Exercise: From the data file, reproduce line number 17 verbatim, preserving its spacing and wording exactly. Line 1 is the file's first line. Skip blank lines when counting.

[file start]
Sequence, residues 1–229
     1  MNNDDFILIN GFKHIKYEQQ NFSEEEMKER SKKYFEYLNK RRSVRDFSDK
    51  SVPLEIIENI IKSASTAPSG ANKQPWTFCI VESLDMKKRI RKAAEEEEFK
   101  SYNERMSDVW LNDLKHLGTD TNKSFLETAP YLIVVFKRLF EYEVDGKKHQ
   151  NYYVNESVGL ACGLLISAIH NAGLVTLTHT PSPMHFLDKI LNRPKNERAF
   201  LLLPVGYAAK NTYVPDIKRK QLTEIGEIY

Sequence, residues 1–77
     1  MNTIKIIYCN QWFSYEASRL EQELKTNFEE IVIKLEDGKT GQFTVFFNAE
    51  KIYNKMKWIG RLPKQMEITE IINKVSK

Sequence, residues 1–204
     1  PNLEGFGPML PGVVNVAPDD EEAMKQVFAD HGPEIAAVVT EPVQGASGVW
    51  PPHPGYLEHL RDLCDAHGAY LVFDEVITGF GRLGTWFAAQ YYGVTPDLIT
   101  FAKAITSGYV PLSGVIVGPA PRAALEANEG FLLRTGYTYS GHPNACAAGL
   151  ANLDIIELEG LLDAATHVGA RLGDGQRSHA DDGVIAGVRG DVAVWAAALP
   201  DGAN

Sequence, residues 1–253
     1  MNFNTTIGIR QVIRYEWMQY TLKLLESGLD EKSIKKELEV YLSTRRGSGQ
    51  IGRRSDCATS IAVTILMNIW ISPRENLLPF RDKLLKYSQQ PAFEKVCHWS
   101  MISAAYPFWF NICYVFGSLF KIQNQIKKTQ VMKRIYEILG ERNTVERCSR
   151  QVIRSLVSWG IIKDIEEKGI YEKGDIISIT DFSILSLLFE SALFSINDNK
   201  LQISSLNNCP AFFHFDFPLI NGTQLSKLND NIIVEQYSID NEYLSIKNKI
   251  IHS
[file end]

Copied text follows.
     1  MNFNTTIGIR QVIRYEWMQY TLKLLESGLD EKSIKKELEV YLSTRRGSGQ